Noppe said the modelling had to reflect data uncertainty, or competence, and it certainly needed to adequately convey variable risk and potential outcomes.
“Why do you need to know this? Because you need to know there is a 50% chance of this, or 30%, or 80% [and] the mean value that I’m giving you, or the median, doesn’t tell you exactly where you sit,” he said.
“We’ve been talking about this kind of thing for 30-40 years – it’s not new. But still most of the people who use the data fail to get over that hurdle. Some do. So we need to improve that.”
The conference heard major advances in computing power and in data-assisted decision making could become more important weapons in the industry’s fight to extract more value from “defined” resources. “I think we are coming to the era of new technologies,” said BHP principal geoscientist, data & numeric modelling, Ilnur Minniakhmetov. “Data science is coming very close to geoscience.”
However, people and culture remain key. Deswik’s Nick Anderson said miscommunication “happens at home and happens at work, too”.
“I’m not sure how technology can solve a lot of that, but definitely education [can].
“Company culture is probably a big one. Some companies invest more in people than other companies. Some companies claim they’re so busy they can’t offer their staff any training at all. And we see that a lot as a software vendor.”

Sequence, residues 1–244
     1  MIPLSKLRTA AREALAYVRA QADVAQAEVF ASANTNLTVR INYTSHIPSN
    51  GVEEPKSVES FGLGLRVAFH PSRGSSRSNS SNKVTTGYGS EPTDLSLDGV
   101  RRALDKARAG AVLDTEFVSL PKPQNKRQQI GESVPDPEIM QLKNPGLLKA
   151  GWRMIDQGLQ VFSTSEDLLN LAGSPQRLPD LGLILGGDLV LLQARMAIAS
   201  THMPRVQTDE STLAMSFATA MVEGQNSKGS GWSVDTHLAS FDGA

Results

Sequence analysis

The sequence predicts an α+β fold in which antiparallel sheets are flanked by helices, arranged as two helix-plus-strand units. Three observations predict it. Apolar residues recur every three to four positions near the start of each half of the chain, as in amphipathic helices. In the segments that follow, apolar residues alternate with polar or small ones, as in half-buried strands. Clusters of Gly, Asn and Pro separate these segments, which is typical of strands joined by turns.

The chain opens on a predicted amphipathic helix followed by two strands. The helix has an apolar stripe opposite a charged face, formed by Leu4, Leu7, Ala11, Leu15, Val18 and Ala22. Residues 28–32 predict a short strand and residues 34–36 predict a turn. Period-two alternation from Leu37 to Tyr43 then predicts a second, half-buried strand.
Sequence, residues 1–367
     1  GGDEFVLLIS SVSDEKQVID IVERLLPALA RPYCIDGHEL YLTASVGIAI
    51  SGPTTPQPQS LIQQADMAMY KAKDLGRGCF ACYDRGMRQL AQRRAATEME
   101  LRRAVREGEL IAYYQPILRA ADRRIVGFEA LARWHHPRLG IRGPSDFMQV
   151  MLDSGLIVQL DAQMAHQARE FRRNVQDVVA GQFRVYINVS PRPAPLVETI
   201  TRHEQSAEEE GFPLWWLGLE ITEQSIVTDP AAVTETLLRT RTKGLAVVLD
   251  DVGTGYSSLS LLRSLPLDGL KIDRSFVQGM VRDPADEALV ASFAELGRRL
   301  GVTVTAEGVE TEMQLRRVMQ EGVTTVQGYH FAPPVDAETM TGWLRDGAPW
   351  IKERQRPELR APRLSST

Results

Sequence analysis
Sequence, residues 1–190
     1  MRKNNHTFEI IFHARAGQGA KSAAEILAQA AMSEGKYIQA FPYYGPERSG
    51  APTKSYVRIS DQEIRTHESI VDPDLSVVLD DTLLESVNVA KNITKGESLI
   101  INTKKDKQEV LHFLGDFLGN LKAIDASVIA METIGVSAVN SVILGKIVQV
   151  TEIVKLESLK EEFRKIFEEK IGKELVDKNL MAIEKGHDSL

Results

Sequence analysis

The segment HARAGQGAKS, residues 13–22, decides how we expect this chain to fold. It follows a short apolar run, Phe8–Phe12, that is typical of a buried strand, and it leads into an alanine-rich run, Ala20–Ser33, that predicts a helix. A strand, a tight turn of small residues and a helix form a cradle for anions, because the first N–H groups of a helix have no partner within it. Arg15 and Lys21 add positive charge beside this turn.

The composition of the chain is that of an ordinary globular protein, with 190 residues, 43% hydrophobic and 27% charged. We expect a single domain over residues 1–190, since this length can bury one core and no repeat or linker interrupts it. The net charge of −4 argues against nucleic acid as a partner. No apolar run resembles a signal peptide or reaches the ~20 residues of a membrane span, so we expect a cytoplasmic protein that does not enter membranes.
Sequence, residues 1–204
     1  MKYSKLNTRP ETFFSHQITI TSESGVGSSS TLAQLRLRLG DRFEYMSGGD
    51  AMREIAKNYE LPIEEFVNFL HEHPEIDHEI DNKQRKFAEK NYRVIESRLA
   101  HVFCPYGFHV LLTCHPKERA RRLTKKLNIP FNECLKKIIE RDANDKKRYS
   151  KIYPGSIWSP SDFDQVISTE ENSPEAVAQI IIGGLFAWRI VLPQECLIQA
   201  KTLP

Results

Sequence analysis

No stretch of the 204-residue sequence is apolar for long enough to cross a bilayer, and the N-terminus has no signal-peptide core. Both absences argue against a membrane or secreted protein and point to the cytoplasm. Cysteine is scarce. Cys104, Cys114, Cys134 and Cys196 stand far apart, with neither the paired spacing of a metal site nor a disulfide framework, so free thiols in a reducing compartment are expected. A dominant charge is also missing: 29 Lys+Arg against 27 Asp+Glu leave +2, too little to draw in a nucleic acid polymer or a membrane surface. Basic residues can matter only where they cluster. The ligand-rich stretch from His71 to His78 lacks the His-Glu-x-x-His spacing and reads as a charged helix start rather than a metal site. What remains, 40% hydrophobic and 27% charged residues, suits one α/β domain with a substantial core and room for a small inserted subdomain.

Leigh Slomp, who started working as a mine geologist more than 20 years ago, is chief advisor – professional standards at the AusIMM. He believes “new thinking” is needed in the industry, both to attract and retain talent. However, “we don’t necessarily encourage that sort of fresh thought … especially at a mine site”.
“Maybe it’s a bit different in exploration, but when we get to the mines, we’ve got a lot of really good, young professionals with really good ideas and we bring them in, and we smash them into the shape of geologists from 40 years ago.
“We give them the same processes, the same procedures, and we say, look, we don’t have time to bring in that new thing that you think would be a good idea. If we’re doing that internally, then we’ve got no chance externally.
“It goes back to the culture. We need to be inclusive, and we need to accept new, fresh thinkers, and at least give them the air-time to work through those ideas and as senior people within the industry, we have to be open-minded to those new ideas.”